Adolph Kurmin

Adolph Kurmin

Adolph Kurmin (Korman, originally Adolfs Kurmiņš) was part of a large Latvian Baptist family that settled in Philadelphia. He was born March 27, 1894, in Lubin, Russia.1 The Latvian Baptist colony at Lubin was one of several founded in the 1870s in the Novgorod guberna.2 According to the 1910 U.S. census, the Kurmin family immigrated to America in 1905 and lived in the Peter and Lilly Robinson household at 869 Holly St. The Kurmin family included the father and mother, David and Lydia (Lote or Lotte or Leotte, née Peterlewiz), as well as children Bertha, Tillie, Adolph, and Robert.3 Both Peter Robinson and David Kurmin worked as carpenters for a railroad company. The Robinsons, also Latvian immigrants, had a son, Robert.

Adolph Kurmin registered for the draft in 1917.4 He entered the U.S. Army on Oct. 17, 1917, and was stationed at Camp Meade in Maryland, according to his petition for naturalization. While serving as a private in the U.S. Army's 315th Infantry Regiment, Kurmin was killed Sept. 26, 1918, in France and is buried in the Meuse-Argonne American Cemetery and Memorial.5

Adolph Kurmin's mother, Lydia, died May 28, 1929, in Lavallette, New Jersey, according to an obituary appearing in the Rīga-based periodical Kristīga Balss. She was buried June 2, 1929, in the White Lawn Cemetery in Point Pleasant, New Jersey. Lydia Kurmin was born in 1864 or 1865 in the Latvian emigrant colony at Novgorod, Russia. She became involved at an early age with the Latvian Baptist congregation at Lubin, where she met David Kurmin. While the family immigrated to the United States in 1905 and first settled in Philadelphia, by 1913 Lote and David were living in Lavallette. She was known as someone who loved growing flowers, so on the day of her funeral the Kurmin home, the church, and the cemetery were decorated with blossoms.6


1. "United States World War I Draft Registration Cards, 1917-1918," database with images, FamilySearch (https://familysearch.org/ark:/61903/1:1:K6K7-7FW : 12 December 2014), Adolph Kurmin, 1917-1918; citing Philadelphia City no 19, Pennsylvania, United States, NARA microfilm publication M1509 (Washington D.C.: National Archives and Records Administration, n.d.); FHL microfilm 1,907,638.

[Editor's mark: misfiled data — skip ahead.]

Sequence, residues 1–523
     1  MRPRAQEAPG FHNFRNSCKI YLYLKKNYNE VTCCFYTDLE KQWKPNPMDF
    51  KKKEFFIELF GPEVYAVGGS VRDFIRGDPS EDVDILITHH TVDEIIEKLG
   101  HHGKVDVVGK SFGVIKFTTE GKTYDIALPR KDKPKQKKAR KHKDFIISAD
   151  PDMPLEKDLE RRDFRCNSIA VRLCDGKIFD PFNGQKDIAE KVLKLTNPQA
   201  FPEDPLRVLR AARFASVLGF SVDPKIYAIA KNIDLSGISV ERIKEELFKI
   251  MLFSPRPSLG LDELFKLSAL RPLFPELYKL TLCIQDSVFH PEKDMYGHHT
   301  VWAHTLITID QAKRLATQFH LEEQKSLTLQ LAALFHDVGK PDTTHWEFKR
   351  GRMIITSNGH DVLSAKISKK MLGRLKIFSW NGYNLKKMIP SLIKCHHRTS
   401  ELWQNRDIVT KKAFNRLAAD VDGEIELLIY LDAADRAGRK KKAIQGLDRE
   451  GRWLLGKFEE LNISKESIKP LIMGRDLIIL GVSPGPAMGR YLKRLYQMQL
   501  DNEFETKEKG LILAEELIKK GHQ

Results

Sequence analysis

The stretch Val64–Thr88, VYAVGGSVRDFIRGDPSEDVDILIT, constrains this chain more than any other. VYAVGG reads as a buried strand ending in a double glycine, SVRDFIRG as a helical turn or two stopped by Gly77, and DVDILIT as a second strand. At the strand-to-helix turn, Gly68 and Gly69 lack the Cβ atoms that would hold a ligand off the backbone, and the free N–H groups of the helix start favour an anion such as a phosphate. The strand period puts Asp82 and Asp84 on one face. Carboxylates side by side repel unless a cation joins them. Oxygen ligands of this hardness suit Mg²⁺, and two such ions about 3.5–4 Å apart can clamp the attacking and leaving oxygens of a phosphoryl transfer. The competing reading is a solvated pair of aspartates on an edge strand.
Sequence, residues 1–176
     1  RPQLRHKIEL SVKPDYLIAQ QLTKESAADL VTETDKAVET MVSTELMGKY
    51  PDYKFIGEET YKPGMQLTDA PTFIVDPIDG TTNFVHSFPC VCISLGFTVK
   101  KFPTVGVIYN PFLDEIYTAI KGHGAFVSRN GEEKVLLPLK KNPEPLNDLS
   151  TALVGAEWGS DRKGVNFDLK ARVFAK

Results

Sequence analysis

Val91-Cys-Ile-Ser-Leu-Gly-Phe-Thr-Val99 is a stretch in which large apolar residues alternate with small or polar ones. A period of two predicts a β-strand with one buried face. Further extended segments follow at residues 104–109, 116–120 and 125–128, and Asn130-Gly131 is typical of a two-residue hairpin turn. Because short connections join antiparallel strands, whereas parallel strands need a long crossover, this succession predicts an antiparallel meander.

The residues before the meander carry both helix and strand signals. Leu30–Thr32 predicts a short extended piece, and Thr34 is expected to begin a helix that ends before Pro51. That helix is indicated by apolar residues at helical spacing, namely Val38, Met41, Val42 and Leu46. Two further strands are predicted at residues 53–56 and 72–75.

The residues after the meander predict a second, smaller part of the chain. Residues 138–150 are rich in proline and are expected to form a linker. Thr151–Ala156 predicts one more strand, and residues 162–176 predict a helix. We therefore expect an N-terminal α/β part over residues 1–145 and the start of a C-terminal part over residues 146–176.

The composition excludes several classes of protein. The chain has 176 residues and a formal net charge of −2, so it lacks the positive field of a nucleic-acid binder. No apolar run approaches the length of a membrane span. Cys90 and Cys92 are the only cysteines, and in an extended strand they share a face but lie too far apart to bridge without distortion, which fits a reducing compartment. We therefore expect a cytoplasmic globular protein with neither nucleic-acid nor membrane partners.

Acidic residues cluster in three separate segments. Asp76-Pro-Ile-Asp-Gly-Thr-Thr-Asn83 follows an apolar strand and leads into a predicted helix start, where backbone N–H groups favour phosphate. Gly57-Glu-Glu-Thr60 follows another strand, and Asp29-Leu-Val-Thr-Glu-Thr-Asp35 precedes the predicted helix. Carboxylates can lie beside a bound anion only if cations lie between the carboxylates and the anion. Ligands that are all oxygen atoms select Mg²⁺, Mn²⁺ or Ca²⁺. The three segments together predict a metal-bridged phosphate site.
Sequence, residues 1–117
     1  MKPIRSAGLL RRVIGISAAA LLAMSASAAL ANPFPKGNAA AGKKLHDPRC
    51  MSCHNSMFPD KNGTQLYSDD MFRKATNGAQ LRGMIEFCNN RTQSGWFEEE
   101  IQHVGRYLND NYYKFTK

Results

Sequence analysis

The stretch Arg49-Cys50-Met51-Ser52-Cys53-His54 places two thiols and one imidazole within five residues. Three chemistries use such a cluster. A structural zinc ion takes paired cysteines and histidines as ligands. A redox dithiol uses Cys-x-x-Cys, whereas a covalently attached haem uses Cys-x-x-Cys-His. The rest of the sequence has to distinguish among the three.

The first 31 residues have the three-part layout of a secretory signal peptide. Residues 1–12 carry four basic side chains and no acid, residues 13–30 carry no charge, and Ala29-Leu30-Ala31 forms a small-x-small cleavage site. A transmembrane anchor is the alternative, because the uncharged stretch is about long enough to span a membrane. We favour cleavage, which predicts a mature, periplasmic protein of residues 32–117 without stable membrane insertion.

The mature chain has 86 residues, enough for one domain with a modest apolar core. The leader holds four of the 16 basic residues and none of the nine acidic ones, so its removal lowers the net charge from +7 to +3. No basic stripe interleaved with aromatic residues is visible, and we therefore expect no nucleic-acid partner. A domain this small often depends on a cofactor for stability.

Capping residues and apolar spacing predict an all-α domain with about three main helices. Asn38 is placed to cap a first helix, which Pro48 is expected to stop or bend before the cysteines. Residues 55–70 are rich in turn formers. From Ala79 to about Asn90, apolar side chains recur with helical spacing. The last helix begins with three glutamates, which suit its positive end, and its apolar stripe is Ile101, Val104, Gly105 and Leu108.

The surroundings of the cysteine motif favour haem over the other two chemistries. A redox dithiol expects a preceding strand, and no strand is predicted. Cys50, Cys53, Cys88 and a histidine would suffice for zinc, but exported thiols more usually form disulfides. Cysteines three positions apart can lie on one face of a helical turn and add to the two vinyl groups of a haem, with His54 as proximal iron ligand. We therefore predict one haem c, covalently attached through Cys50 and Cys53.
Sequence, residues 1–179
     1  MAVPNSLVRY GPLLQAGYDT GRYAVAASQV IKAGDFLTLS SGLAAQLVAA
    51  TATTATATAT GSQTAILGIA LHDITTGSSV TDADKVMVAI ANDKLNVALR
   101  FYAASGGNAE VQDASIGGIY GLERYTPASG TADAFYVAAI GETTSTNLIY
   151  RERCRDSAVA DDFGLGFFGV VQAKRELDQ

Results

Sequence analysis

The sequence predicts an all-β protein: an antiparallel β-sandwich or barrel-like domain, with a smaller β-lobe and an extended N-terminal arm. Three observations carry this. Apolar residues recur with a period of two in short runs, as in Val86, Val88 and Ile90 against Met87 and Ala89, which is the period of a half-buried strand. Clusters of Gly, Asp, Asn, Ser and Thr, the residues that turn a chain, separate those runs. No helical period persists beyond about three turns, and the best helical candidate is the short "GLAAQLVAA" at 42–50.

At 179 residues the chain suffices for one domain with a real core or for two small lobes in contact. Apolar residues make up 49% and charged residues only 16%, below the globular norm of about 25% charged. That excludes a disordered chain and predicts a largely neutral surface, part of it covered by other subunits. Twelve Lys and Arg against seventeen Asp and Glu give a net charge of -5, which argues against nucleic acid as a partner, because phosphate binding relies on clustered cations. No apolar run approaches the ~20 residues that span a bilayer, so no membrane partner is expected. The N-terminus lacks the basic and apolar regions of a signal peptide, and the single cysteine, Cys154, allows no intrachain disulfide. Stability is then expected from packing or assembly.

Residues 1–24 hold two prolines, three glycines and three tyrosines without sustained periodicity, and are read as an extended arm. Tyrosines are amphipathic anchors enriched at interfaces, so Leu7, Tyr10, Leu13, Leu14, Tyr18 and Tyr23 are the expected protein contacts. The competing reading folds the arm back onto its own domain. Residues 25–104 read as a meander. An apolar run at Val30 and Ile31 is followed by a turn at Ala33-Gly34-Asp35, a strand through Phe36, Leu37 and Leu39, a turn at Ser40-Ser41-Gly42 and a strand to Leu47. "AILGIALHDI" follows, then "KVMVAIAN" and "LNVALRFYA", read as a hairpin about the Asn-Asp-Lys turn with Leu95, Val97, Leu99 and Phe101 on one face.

2. J. Kronlins, "Latviešu baptistu draudzes aiz Latvijas robežām," in Uz augšu! Latvijas baptistu draudžu 75 gadu darbības apskats, comp. J. Kronlins (Rīga: Latvijas baptistu draudžu savienība, 1935), 41-46.

3. "United States Census, 1910," database with images, FamilySearch (https://familysearch.org/ark:/61903/1:1:MGC6-T3J : accessed 19 January 2017), Adolph Korman in household of Peter Robinson, Philadelphia Ward 24, Philadelphia, Pennsylvania, United States; citing enumeration district (ED) ED 522, sheet 5A, family 93, NARA microfilm publication T624 (Washington D.C.: National Archives and Records Administration, 1982), roll 1398; FHL microfilm 1,375,411.

4. "United States World War I Draft Registration Cards, 1917-1918," database with images, FamilySearch (https://familysearch.org/ark:/61903/1:1:K6K7-7FW : 12 December 2014), Adolph Kurmin, 1917-1918; citing Philadelphia City no 19, Pennsylvania, United States, NARA microfilm publication M1509 (Washington D.C.: National Archives and Records Administration, n.d.); FHL microfilm 1,907,638.

5. "Find A Grave Index," database, FamilySearch (https://familysearch.org/ark:/61903/1:1:QVKR-PQSB : 11 July 2016), Adolph Kurmin, 1918; Burial, Romagne-sous-Montfaucon, Departement de la Meuse, Lorraine, France, Meuse-Argonne American Cemetery and Memorial; citing record ID 55960681, Find a Grave, http://www.findagrave.com. See also History Committee, 79th Division Association (1922). History of the Seventy-Ninth Division A.E.F. During the World War: 1917-1919. Lancaster, PA: Steinman & Steinman. See also an obituary written by Jūnags, "Nekrologos," Drauga Balss, January 1, 1919, p. 13.

6. J. Kvietiņš, "Late Kurmin," Kristīga Balss, August 15, 1929, p. 320.

Kurmin (Kurmiņš) family in Russia

The Kurmin (Kurmiņš) family poses for a photograph, likely while still living in Russia. Adolph Kurmin is the boy on the right.